Compose yourself

  • Posted on 9 May 2000 at 3:29pm
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Want to write music but worried that you don’t have the right background? Don’t be. As Peter Kingston discovers, classical, popular or avant-garde, there are many ways to be a composer.


Howard Goodall

Composer and broadcaster. Age 41. TV and film theme scores include Blackadder; Mr Bean; The Vicar of Dibley; Red Dwarf. Compositions include The Hired Man (which won the Ivor Novello Award for best musical); Marlborough Canticles; We are the Burning Fire. Recently presented Howard Goodall’s Big Bangs on Channel 4.

Like most other new students at university, Howard Goodall went along to Freshers’ Fair, where the university clubs and societies try to sign up new members. His only clear notion was that he would like to write music for student revues. And there, in front of him, was a stall with a sign saying Revue.

“I said: ‘I’ve done these musicals’, and the bloke behind the stall said: ‘OK, my friend will come and see you this evening’.” Sure enough a young man did call on him. He was called Richard Curtis and he would later write and co-write a string of hit TV scripts, including Blackadder, and the film Four Weddings and a Funeral.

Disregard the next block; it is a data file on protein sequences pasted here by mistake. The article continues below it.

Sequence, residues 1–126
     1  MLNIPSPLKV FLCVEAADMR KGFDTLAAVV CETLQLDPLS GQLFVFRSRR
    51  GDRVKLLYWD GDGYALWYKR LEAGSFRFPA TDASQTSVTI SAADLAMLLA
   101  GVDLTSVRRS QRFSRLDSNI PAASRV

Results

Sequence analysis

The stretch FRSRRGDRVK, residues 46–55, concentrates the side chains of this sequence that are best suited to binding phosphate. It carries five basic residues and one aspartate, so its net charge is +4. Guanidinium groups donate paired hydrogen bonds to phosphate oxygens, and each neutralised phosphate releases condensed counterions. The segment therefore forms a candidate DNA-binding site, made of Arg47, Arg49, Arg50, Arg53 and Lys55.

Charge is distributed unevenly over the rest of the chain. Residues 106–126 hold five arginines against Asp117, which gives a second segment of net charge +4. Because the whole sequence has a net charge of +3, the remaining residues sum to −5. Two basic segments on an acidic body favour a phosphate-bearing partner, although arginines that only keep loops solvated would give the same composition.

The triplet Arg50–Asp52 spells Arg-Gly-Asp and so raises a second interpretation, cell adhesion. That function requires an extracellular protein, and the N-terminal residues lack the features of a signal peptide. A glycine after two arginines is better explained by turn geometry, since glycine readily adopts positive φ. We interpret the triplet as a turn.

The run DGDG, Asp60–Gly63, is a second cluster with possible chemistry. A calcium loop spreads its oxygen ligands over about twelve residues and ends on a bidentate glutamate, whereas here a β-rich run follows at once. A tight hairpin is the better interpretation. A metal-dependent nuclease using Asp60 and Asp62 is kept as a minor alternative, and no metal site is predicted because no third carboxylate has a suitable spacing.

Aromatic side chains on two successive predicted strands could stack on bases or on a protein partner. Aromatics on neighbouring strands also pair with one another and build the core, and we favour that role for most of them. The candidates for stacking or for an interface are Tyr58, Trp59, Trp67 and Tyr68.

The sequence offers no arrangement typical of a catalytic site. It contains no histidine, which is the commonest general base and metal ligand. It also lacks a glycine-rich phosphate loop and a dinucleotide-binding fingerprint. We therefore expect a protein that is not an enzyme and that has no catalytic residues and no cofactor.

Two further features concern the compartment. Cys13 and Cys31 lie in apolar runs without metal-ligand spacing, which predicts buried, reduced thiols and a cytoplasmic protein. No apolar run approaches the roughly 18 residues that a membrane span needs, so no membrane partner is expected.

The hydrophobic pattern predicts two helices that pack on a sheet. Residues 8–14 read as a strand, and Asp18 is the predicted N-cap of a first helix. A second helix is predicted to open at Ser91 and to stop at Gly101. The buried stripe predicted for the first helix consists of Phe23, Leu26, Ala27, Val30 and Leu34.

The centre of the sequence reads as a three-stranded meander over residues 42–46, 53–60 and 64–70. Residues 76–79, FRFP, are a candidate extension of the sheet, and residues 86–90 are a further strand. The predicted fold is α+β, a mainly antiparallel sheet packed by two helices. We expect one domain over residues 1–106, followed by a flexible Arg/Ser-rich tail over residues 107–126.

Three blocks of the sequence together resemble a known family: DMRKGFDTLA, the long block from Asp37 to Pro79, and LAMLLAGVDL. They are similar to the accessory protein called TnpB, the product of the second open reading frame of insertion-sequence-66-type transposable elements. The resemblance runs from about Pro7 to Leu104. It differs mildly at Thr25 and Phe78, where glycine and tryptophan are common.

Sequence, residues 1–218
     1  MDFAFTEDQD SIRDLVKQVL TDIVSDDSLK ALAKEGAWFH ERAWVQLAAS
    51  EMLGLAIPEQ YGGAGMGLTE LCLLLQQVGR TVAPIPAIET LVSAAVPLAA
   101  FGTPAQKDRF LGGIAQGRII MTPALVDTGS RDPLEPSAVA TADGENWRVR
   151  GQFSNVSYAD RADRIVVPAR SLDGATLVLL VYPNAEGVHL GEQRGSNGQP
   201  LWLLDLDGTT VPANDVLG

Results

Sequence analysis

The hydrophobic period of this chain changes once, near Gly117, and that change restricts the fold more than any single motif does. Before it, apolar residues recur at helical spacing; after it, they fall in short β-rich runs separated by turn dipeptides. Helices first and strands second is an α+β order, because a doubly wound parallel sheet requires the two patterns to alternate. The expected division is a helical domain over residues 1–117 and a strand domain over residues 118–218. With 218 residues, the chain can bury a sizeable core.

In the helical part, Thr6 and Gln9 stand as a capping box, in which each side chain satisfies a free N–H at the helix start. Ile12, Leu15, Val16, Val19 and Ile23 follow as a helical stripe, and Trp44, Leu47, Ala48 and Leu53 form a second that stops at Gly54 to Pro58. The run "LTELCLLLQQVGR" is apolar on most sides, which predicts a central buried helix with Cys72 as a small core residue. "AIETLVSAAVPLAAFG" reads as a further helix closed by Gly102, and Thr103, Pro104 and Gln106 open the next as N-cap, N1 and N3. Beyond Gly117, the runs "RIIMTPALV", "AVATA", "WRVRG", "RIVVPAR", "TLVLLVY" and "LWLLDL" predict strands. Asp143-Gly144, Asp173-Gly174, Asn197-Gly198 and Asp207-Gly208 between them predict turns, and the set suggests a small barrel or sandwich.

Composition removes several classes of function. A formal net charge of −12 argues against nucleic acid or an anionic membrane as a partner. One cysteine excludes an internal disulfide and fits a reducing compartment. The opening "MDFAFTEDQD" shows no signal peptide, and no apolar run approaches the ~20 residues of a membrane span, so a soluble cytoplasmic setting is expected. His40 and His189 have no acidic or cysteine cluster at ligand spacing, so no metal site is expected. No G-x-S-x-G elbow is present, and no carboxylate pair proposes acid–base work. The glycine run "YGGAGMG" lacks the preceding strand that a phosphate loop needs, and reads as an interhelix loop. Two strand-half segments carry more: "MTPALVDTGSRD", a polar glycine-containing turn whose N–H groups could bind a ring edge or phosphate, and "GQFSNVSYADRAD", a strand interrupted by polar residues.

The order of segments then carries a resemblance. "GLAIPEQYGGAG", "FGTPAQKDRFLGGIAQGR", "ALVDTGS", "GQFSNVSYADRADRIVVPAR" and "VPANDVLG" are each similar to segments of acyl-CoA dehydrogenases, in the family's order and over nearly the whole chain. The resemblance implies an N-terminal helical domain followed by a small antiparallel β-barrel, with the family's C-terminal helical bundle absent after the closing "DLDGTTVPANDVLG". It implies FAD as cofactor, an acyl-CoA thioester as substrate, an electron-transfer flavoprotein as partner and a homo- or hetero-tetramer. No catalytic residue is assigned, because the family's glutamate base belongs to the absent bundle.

The bloke sitting behind the stall was Rowan Atkinson, later to gain fame as Mr Bean. Three weeks later they were putting on a revue called Tongue-Tied, with music by the 18-year-old Goodall.

“Not many people have meetings as fortuitous as that,” he laughs. “The show was overshadowed by the obvious fact that Rowan was a comic genius of world order.”

In Tongue-Tied, Goodall recalls doing something never seen in an Oxford revue before: using a synthesiser.”Up till then, the revues had been accompanied by a jazz ensemble – clever people’s music.” One of the numbers was for a mime character which Atkinson did – the prototype for Mr Bean.

“I had this synthesiser which looked like a telephone exchange and could only play one note at a time.”

Goodall enjoyed the classical English musical education which so many composers have had. At eight, he went to be a choirboy at New College, Oxford. “The total immersion in music technique at choir schools is a very good starting point.” He was starting to write little bits and pieces, but nothing which was performed. “I just liked the look of it on the page and liked the idea of being a composer.”

A stretch at Stowe, the well-known public school, followed. Then a switch to Lord Williams’ School, Thame, a “big jolly comprehensive where the music was fantastic”.

At 15, all he wanted to do, he says, was write songs at the piano for his band Halfbrother. It made an album, but you sense he doesn’t want to dwell on that too long now.

By the sixth form at the comprehensive, he was writing musicals for the youngest children in the school to perform. One was based on John Masefield’s The Midnight Folk, another on CS Lewis’s The Lion, The Witch and The Wardrobe.